(Neighborhoods not drawn to scale.)
The latest COVID-19 surge has swept across Los Angeles County, with a single-day record of 10,528 cases recorded Sunday. But two areas have taken a particularly brutal hit: South Los Angeles and the San Gabriel Valley.
Crosstown analyzed the rate of new COVID-19 infections in 270 L.A. County communities over each of the past four weeks. We then compared new cases over the most recent two-week period against the previous two weeks. (To learn more about the methodology, scroll down to the “How we did it” section.)
The results are alarmingly lopsided. Among the 20 communities with the sharpest increase in that period, nine are in South Los Angeles; six are in the San Gabriel Valley.
Top 20 LA communities with the highest increase over the past two weeks
(Los Angeles County Department of Public Health refers to Mayflower Village as unincorporated Duarte.)
Hyde Park, in South Los Angeles, recorded 66 new cases from Nov. 7-21. During the following two weeks, from Nov. 22-Dec. 5, it had 244 new cases, an increase of 261%.
Rise in weekly COVID-19 cases in three South Los Angeles areas
The city of Arcadia had 69 cases in the two weeks between Nov. 7-21. But in the most recent two-week period ending Dec. 5 that number rose to 215 cases.
Rise in weekly COVID-19 cases in San Gabriel Valley communities
Compare that against Los Angeles County as a whole, which experienced a 91% rise in new cases during that period. Meanwhile, the neighborhood of Los Feliz went from 97 cases during the first two-week period to 102 during the most recent two-week span, an increase of 5.2%. Santa Monica’s new cases also increased by only 5%.
Some areas have not had as sharp a rise in new cases
[Keep track of infection rates in your neighborhood with our interactive map.]
Early on in the pandemic, it became clear that densely populated, low-income areas were increasing their caseload at a faster clip than wealthier neighborhoods. But even now, health officials are often uncertain as to why certain communities experience a spike. Dr. Barbara Ferrer, the director of the Los Angeles County Department of Public Health, warned early last month about high infection rates in Pacoima, Sun Valley and Palmdale. She was unable to pinpoint what had driven the spread in those areas.
Prof. Neeraj Sood, with the Price School of Public Policy at the University of Southern California, said the situation on the ground is changing so rapidly that it is difficult to track.
“I haven’t seen any research that pinpoints the source of transmission,” said Sood, who has been collaborating on several studies with the Los Angeles County Department of Public Health. “It seems like it’s everywhere and you can get it through a variety of different ways.”
Even within one neighborhood, he said, “things can change pretty dramatically and quickly.”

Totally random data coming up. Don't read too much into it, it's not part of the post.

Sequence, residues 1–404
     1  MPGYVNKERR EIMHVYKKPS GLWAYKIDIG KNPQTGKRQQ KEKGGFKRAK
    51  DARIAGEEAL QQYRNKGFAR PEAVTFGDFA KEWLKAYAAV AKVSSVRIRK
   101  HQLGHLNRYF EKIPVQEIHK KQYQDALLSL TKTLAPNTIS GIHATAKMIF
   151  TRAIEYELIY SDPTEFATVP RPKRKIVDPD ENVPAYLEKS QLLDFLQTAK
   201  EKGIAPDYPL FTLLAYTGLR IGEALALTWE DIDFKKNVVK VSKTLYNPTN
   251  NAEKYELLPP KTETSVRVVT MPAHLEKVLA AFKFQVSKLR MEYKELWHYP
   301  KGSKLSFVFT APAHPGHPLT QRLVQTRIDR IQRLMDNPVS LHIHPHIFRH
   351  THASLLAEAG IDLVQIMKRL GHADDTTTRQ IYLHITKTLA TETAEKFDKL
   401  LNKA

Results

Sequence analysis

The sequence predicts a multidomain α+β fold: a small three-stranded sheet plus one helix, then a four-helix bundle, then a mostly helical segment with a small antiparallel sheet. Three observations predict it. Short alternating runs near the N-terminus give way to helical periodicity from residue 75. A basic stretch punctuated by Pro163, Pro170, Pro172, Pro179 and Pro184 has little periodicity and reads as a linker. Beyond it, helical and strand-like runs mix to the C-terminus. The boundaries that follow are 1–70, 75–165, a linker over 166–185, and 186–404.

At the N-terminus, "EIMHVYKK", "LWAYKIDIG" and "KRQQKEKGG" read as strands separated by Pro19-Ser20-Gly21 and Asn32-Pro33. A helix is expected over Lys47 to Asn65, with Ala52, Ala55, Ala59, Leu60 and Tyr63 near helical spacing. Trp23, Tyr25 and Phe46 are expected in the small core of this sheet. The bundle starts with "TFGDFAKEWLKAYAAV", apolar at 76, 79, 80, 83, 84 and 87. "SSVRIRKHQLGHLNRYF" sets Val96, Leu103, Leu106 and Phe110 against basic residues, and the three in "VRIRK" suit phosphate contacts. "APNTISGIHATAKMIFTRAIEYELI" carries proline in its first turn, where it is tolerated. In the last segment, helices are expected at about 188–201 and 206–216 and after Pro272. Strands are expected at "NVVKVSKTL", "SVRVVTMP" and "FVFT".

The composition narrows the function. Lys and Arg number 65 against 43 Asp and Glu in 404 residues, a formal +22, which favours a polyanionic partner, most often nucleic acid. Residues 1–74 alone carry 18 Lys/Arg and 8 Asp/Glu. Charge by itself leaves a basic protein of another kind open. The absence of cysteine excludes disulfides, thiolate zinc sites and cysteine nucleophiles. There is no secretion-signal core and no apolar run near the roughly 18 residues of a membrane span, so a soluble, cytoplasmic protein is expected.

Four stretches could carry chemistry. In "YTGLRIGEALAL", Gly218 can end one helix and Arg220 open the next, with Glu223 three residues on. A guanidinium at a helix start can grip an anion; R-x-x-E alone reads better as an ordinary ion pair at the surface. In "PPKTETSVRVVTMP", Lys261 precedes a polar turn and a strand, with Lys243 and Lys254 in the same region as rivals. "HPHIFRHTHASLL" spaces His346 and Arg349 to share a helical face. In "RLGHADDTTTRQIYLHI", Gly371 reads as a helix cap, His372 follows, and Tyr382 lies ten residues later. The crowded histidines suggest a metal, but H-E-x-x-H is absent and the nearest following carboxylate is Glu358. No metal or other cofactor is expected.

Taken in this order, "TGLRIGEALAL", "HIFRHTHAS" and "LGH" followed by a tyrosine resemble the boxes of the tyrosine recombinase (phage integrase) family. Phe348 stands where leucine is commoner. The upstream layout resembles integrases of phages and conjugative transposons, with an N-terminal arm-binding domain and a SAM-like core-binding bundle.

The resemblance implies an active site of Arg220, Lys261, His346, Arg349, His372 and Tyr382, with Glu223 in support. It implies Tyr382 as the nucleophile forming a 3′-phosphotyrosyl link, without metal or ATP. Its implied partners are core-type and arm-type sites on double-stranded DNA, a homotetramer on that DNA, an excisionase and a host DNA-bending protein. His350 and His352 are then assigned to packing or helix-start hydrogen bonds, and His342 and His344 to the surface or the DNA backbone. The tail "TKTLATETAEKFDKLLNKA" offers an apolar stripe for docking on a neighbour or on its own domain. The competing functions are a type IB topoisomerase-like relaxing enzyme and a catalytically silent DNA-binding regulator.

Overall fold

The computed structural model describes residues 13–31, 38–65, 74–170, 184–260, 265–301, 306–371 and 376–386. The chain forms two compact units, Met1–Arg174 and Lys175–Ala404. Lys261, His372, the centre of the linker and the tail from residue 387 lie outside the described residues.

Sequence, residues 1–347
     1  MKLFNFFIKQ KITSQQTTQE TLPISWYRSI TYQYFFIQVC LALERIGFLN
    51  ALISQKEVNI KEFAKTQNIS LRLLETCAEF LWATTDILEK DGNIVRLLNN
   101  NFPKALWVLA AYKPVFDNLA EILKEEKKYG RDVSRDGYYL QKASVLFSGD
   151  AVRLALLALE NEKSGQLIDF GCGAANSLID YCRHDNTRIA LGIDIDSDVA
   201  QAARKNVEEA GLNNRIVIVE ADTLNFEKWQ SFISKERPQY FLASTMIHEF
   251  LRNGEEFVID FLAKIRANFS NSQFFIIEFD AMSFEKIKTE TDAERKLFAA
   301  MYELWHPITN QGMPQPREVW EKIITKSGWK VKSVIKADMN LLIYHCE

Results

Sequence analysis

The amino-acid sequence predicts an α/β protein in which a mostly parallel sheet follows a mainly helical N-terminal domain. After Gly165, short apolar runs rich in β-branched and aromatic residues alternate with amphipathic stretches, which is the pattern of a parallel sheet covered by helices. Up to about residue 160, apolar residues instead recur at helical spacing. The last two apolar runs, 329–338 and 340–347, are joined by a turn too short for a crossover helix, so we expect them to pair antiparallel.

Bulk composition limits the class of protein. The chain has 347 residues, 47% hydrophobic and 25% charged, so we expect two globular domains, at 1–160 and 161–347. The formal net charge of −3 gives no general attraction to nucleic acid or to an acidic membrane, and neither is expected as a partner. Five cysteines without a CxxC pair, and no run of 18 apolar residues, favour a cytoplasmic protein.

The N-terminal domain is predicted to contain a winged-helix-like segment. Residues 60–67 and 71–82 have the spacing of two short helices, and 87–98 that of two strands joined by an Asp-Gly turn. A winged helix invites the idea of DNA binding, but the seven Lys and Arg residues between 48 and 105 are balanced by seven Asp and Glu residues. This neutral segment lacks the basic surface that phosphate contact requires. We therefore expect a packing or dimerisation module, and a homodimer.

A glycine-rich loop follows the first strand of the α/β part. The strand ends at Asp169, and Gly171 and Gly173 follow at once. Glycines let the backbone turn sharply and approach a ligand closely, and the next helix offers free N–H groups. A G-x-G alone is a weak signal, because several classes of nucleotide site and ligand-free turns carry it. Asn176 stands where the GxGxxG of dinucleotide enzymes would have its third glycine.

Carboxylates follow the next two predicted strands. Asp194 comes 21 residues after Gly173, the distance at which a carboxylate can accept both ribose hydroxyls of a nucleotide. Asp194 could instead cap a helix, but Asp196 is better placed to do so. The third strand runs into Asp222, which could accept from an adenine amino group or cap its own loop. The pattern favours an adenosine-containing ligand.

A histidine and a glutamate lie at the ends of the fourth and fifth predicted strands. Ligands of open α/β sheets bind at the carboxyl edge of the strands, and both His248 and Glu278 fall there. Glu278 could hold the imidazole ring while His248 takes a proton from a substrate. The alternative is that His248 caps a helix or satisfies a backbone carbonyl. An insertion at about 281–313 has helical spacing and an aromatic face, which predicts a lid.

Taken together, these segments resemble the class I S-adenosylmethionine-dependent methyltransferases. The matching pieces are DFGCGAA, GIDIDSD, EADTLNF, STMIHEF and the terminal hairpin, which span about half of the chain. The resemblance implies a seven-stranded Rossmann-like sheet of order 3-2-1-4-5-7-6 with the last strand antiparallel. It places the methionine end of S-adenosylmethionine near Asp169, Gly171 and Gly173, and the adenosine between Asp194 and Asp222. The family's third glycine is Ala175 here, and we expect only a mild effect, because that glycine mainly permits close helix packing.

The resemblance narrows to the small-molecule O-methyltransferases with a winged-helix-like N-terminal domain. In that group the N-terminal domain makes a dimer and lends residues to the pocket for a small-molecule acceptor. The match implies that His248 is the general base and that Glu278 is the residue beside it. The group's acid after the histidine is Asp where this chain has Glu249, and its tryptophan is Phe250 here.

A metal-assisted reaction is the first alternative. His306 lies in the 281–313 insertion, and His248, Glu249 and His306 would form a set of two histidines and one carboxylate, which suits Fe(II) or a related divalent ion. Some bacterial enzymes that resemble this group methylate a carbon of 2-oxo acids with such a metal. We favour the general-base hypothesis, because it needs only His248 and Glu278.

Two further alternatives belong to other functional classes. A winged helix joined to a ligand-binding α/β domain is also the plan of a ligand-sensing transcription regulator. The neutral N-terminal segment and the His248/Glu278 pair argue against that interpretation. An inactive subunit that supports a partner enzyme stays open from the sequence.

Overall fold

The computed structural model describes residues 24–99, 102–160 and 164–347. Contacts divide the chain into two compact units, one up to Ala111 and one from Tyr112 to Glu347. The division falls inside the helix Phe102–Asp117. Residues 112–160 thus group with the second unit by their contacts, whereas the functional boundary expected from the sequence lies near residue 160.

Sood has been conducting a field study at a COVID-19 testing facility in the San Fernando Valley. Just prior to Thanksgiving, his team recorded a positivity rate at the facility of 5-6%. Last week it shot up to 27%.
One factor, said Sood, is that areas that were hit hard during the first wave now have more resistance because those who have already contracted the virus have developed some immunity to it. But places that were only mildly affected during the first months of the virus are now at greater risk.
“Areas where, in the first wave, they were unaffected, now you have 100% of the population that is susceptible,” he said. “Some of that is definitely going on.”
In fact, in March and early April, as COVID-19 first began to spread, some of the highest rates of infection were in wealthy parts of Los Angeles. Residents in those areas were more likely to have been exposed to the virus from travel. In addition, experts noted, wealthy residents had greater access to testing kits before they became available broadly.
Los Angeles County’s seven-day average of new cases is 7,846.
How we did it: We examined publicly available data on daily COVID-19 infections from the Los Angeles County Department of Public Health. We then tallied the number of new infections in 270 communities in the county from Nov. 7-21 and compared that against the new infections recorded between Nov. 22-Dec. 5. We then narrowed our ranking down to communities that recorded 50 or more new infections in the most recent week. That reduced the number of communities we surveyed to 197.
Crosstown uses neighborhood boundaries defined by the Los Angeles Times. In some instances, the Los Angeles County Department of Public Health refers to areas that have different boundaries. We have adjusted our boundaries to conform to the Department of Public Health when possible. In several cases, the department’s boundary definition is unclear. We did not include data for communities when there was uncertainty about the boundary.
Have questions about our data? Write to us at firstname.lastname@example.org.